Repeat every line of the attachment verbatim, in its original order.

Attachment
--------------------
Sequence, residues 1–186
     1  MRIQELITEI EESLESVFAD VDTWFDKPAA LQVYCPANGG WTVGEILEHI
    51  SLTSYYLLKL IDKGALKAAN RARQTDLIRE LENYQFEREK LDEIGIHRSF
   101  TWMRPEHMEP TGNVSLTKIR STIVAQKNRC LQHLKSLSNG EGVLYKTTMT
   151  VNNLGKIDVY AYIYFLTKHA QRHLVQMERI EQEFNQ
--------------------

Sequence, residues 1–186
     1  MRIQELITEI EESLESVFAD VDTWFDKPAA LQVYCPANGG WTVGEILEHI
    51  SLTSYYLLKL IDKGALKAAN RARQTDLIRE LENYQFEREK LDEIGIHRSF
   101  TWMRPEHMEP TGNVSLTKIR STIVAQKNRC LQHLKSLSNG EGVLYKTTMT
   151  VNNLGKIDVY AYIYFLTKHA QRHLVQMERI EQEFNQ